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SUNY-IT in Utica and Albany's nanoscale campus set to merge

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Ryan Delaney
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WRVO
Construction of the Nano Utica complex on the campus of SUNY-IT in Utica in October.

New York's public university system is merging two of its campuses. SUNY's polytechnic college will merge will its nano-technology school in 2015.

The merger comes after the College of Nanoscale Science and Engineering broke off of the University at Albany last year. CNSE has been the darling of SUNY system since its creation in 2004. Though small, it’s attracted millions in private investment.

Starting next year, CNSE will be a combined college with SUNY’s Information and Technology campus in Utica. The five-decade old polytechnic and engineering school is undergoing its own expansion to host computer chip fabrication. It has about 3,000 students. The College of Nanoscale serves another 300.

The partnership between the two has been growing for years, said SUNY-IT interim president Robert Geer.

"You’re really having two growing institutions that had been working together, partnering together for years. And it’s really a culmination. It’s a really natural step," he said after the SUNY trustees vote.

For now, the new college will be known as the SUNY Institute of Nanoscale Science, Engineering and Technology, but Geer says that's a working title.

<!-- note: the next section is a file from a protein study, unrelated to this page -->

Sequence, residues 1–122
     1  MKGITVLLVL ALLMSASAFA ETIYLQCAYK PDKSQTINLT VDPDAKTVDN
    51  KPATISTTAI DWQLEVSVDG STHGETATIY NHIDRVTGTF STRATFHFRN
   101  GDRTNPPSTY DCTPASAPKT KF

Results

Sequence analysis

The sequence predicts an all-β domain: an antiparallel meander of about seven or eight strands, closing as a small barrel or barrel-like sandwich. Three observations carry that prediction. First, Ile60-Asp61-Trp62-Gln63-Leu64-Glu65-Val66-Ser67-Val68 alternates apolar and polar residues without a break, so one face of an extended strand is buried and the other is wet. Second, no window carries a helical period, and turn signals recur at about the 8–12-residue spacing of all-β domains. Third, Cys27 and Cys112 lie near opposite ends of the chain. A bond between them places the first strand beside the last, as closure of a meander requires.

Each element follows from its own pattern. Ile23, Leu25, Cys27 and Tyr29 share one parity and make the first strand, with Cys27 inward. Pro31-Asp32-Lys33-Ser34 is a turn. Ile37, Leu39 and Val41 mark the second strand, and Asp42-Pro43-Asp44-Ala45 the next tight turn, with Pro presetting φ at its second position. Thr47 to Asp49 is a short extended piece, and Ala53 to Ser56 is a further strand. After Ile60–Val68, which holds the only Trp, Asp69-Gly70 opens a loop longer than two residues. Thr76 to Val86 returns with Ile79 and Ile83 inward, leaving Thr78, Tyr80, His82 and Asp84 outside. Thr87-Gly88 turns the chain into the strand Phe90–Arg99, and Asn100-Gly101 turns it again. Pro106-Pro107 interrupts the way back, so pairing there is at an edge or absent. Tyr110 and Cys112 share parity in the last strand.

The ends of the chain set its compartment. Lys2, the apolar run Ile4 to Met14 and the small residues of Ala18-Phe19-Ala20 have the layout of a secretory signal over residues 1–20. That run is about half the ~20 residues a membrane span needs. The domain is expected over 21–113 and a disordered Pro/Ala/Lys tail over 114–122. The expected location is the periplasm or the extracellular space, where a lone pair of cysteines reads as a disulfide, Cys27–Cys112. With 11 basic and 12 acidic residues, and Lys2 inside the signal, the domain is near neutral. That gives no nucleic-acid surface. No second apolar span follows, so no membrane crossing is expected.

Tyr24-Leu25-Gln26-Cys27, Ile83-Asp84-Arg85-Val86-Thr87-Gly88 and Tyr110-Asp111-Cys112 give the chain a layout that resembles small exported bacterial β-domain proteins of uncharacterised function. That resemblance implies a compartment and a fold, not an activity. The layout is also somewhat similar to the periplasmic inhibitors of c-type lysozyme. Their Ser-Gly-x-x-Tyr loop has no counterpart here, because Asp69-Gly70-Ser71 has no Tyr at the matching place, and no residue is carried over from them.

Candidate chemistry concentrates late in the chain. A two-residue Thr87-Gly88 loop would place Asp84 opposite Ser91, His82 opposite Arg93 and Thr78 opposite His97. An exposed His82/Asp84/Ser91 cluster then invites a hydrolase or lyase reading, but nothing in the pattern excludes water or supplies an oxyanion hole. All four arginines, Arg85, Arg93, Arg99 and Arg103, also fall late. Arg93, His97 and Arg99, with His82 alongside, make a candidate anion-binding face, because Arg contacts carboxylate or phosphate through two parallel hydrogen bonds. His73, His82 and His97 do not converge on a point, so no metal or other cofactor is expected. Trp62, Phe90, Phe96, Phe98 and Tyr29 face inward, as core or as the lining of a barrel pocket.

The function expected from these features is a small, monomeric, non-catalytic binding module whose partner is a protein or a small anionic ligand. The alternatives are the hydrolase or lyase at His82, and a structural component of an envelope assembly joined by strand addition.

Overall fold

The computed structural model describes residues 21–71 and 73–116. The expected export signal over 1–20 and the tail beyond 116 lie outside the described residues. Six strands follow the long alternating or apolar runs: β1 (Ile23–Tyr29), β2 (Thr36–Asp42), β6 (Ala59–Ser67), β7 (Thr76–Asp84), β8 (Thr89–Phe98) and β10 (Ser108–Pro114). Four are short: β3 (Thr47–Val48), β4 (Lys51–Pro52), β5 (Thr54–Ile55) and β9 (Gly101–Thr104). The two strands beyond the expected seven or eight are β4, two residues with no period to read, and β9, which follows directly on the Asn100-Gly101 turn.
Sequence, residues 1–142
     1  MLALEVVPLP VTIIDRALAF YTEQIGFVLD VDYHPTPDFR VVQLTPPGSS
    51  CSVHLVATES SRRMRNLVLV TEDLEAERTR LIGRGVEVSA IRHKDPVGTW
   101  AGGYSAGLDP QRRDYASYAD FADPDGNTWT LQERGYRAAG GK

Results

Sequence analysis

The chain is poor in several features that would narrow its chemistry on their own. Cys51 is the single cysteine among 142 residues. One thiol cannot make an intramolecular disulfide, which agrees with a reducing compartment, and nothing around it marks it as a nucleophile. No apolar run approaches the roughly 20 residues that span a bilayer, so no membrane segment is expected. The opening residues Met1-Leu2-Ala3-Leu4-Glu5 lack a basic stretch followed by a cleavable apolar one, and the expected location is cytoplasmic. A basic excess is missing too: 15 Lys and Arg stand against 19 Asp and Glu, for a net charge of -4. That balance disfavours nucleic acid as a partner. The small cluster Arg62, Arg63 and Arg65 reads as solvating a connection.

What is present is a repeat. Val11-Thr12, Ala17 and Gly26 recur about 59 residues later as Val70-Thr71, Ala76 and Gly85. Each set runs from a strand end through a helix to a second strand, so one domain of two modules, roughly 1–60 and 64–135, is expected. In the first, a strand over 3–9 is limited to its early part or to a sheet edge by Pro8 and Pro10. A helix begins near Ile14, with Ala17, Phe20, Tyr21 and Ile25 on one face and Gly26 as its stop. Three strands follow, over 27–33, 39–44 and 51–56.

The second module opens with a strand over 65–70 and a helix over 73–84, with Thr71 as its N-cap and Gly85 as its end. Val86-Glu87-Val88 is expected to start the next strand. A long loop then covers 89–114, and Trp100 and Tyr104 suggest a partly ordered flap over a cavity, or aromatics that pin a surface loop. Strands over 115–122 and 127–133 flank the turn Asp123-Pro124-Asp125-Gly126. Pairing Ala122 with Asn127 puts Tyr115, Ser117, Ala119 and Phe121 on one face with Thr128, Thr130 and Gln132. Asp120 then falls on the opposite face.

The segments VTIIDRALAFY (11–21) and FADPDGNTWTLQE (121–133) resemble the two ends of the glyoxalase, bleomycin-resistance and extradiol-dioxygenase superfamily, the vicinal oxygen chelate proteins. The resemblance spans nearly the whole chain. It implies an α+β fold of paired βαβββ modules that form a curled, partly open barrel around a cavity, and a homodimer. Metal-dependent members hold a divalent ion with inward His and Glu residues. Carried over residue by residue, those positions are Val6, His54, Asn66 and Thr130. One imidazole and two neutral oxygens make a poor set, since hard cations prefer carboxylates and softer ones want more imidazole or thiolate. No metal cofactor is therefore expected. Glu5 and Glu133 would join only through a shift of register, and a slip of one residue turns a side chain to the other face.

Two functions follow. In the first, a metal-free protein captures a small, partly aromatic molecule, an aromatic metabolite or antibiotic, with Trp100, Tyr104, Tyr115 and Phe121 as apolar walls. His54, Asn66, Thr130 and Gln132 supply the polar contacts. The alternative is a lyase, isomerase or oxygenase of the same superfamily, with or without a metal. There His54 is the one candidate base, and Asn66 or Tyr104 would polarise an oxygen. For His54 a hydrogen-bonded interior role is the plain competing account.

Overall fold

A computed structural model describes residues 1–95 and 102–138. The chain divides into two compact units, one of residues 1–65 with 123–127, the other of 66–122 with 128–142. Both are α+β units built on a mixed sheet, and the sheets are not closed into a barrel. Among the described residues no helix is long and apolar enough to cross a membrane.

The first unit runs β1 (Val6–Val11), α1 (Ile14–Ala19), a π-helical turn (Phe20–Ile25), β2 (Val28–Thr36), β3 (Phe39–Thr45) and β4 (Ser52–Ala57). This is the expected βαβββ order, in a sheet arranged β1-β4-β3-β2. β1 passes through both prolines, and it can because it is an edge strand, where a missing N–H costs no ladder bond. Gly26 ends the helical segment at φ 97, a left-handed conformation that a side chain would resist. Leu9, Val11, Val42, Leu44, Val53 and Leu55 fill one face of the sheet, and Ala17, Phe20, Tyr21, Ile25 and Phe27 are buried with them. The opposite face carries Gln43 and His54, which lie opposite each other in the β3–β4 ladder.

The nano school’s chief, Dr. Alain Kaloyeros, will oversee the campuses, which will continue to operate from their current sites.

"What it’s going to do is provide the students of New York state with an affordable version of MIT; it will be New York’s MIT," Geer said. "And that is, a technological institute focused on cutting edge science and technology, but is really open to everyone and utilizing a tremendous infrastructure across the state."

"The State University of New York is doing many things to meet the country’s desperate need for STEM" - science, technology, engineering and math - "education. Making this new college campus, in my opinion: monumental," said trustee Eunice Lewin

The faculty union at SUNY, United University Professions, expressed some concern over the merger, saying the schools could lose their academic focus.

WRVO/Central New York reporter for the Innovation Trail
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